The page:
Friday, August 27, 2010

Container for the Breath

It is difficult at times to really understand mortality, the temporary nature of the life in which I am so totally immersed. At the very moment that I am coming to fathom interdependence and the conditional nature of everything, I am challenged to understand myself as eternal. Okay, I do get that conceptually, and even the laws of physics encourage me to think about matter forever transforming in its particular shapes or definitions but not disappearing in its most essential aspects.

My strongest help in all of this is the breath itself. I can so completely understand myself as a container for the breath. The air, the particles and the movements of the air, are part of me. What I breathe in, I become. What I breathe out, I release. Today I was sanding ancient paint off a century old door that will open one of these days into my small upstate yoga studio. I wore a significant mask, not just the flimsy filter type. The idea was that I was not going to breath in the little particles sent flying by my sandpaper. I took this action because we now know that what we breathe in, we absorb into our cells, with varying effects and I wanted to avoid the effects of breathing lead paint chips.

So now I watch the wind blow through the leaves; I feel it cooling me as I work in the yard. I know in a profound way that it will blow through me too. My substance in this format is here now. My lungs drawing and expelling the air define me as a living creature. When that stops, I will not be this living creature any more. Yet the air will continue to bellow in and out of all the other living beings in any given moment in time. Sometimes I find small fossils in the rocks around me here in Gilboa, NY. They were also breathing in their day. Their essential qualities still exist in some format, not just the imprint they left here when all was under the sea so many years ago. And so I understand that my own aspects will remain, not just the ash I may become, or the particles of earth and dust, not just in the effects I may have had on others who live beyond my own years here.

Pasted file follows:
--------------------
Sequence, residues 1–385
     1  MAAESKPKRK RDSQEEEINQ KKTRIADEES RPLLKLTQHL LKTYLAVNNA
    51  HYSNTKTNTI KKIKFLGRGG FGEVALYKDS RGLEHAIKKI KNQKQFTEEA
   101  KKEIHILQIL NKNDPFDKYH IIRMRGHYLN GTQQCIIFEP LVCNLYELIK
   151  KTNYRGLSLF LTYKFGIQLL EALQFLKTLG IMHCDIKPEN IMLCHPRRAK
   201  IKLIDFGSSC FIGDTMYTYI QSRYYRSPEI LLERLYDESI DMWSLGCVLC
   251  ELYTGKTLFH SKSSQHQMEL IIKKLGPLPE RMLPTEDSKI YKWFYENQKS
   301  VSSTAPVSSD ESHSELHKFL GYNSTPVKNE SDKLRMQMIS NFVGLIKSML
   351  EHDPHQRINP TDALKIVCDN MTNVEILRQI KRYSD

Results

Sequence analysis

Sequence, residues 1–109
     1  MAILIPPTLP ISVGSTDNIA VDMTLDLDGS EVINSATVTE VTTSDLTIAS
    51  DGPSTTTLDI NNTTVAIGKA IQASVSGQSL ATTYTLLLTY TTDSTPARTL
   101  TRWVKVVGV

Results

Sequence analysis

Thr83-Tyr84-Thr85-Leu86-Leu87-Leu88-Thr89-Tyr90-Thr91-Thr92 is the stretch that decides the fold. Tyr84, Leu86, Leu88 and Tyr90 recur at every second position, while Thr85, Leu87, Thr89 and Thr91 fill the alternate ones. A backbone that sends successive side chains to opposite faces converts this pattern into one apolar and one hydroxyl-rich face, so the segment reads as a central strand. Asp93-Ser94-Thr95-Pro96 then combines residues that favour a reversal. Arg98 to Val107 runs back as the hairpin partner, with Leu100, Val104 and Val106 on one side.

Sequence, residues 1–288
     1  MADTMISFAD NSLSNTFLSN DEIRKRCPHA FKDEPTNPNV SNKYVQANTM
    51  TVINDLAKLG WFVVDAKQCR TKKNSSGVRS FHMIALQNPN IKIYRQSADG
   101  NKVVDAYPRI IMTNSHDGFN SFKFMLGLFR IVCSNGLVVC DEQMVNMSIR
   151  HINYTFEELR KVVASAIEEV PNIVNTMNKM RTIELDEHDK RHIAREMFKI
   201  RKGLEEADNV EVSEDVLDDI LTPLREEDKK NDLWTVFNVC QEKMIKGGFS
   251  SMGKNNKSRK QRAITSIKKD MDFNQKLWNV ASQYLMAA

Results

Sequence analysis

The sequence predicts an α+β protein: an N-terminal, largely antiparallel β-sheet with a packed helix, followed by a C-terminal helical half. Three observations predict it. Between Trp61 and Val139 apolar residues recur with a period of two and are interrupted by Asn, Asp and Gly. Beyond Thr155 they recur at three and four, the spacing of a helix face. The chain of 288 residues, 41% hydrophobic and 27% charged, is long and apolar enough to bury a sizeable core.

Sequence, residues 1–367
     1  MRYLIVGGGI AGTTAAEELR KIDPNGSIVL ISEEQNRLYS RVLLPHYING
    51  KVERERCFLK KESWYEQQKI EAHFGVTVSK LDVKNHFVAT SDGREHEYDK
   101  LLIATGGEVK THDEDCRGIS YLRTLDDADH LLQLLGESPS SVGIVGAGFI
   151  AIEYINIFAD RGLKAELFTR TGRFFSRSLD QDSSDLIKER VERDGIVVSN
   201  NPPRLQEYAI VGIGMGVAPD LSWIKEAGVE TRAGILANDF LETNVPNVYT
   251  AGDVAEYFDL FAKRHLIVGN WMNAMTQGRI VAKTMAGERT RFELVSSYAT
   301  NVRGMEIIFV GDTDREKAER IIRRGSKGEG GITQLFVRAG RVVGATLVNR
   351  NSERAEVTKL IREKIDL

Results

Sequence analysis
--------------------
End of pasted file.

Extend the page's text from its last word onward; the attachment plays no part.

Breathing helps me be present in this moment fully. That is fundamentally why I begin every yoga practice and every class I teach by drawing attention to the breath itself. In every moment the breath informs me of my mortality and my immortality; allowing me to understand the conditional world, and the eternal as well.

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